Hats off to Jackie Robinson who, on April 15, 1947, broke the baseball color line when the Brooklyn Dodgers started him at first base.
Robinson said, "A life is not important except in the impact it has on other lives." Each time I see my sons on the athletic field I am grateful for his courage, and for the impact he is having on their lives 67 years after he walked out onto Ebbets Field. And I hope his example will shape their lives well beyond the athletic field.
Leo Durocher, the Brooklyn manager in 1947, said of Robinson that he was "a Durocher with talent." He greatly admired Robinson, and made it clear to the other players on the Dodgers that he would trade them before tolerating any opposition to Robinson's joining the team.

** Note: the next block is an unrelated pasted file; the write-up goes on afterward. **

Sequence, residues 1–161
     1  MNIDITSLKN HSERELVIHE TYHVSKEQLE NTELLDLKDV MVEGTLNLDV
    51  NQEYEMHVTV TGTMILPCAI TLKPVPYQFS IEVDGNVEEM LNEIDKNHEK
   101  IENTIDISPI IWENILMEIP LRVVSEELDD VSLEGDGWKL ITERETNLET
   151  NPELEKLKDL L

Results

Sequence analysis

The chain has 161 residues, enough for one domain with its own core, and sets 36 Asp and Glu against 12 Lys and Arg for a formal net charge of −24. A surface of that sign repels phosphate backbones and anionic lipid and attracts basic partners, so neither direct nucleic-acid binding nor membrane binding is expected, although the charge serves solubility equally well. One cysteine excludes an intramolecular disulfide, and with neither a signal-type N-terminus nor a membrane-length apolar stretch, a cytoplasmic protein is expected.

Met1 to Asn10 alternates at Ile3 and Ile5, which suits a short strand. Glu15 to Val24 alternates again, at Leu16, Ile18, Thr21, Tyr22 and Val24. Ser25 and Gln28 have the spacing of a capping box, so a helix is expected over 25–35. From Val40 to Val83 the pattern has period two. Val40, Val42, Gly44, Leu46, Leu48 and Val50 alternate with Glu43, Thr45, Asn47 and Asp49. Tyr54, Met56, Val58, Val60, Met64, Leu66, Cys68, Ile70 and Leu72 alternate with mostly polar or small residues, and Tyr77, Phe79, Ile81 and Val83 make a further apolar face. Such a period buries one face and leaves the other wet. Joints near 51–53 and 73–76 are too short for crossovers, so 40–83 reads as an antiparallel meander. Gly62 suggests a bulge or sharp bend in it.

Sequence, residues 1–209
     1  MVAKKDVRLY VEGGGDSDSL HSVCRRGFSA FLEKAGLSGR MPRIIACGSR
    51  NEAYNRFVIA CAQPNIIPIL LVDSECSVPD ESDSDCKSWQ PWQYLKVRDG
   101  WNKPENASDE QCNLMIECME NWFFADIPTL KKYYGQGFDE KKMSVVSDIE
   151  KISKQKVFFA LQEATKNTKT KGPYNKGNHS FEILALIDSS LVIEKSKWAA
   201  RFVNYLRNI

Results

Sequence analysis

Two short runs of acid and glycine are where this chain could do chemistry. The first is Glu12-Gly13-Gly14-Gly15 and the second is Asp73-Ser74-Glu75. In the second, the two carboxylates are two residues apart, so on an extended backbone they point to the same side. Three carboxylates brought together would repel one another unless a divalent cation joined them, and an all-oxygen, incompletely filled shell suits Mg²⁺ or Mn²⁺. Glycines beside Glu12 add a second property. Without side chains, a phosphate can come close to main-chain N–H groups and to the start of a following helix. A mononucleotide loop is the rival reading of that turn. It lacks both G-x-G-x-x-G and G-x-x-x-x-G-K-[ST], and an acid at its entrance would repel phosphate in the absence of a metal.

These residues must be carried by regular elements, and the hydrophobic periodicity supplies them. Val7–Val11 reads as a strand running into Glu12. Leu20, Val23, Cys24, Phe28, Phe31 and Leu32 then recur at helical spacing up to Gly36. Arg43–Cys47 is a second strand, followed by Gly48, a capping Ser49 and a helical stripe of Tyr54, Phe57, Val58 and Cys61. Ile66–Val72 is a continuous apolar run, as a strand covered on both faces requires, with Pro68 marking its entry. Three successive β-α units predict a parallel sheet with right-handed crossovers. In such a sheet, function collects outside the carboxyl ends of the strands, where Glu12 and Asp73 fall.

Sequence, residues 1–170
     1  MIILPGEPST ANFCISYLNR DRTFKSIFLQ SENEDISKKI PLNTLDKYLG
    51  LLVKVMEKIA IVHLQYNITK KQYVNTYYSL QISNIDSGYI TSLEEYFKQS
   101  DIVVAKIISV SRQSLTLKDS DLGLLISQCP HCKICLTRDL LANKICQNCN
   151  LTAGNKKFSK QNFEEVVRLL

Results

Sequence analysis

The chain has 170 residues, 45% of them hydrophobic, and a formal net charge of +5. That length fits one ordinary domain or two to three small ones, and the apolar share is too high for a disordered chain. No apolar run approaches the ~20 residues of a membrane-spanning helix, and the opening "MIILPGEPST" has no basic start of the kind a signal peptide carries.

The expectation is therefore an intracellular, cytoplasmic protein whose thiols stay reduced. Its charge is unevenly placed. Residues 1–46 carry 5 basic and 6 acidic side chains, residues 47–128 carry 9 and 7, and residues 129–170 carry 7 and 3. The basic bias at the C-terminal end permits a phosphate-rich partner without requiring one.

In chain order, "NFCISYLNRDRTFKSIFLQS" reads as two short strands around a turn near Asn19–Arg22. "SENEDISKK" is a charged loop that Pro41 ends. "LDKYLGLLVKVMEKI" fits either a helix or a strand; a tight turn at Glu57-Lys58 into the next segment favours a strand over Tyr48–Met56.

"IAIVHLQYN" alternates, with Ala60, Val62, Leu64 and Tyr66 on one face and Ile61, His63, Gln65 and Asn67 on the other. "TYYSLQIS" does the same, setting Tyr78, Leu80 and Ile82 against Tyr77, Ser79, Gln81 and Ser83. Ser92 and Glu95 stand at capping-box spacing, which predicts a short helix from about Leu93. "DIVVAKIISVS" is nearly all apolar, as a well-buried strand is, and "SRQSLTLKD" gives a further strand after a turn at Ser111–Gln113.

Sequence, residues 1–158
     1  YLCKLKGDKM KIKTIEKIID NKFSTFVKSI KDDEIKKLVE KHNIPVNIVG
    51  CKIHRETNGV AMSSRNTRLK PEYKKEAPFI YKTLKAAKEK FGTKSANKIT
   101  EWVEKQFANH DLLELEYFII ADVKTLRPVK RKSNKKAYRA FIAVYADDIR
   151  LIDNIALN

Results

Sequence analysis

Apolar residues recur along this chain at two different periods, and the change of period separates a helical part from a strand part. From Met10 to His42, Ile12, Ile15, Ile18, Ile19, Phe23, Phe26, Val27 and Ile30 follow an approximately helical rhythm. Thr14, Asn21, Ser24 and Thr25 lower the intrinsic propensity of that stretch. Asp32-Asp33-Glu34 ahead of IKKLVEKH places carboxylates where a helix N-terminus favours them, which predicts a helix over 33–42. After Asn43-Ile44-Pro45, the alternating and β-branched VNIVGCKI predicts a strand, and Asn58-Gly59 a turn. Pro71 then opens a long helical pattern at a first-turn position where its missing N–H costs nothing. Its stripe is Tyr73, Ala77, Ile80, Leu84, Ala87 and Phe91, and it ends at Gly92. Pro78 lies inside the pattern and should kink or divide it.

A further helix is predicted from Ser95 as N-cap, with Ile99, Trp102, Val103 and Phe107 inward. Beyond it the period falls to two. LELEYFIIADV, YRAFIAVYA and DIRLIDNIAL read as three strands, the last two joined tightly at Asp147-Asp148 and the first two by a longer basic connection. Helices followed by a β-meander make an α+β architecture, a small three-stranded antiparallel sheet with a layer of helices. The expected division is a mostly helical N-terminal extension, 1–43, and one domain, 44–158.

Robinson also said, "I'm not concerned with your liking or disliking me...all I ask is that you respect me as a human being." Durocher told us more about what Robinson meant by respect when he said of him, "Ya want a guy that comes to play. This guy didn't just come to play. He come to beat ya. He come to stuff the goddamn bat right up your ass."
I hope my sons will learn from that example as well.
Hats off to you, Mr. Robinson.
1955 Topps Baseball Card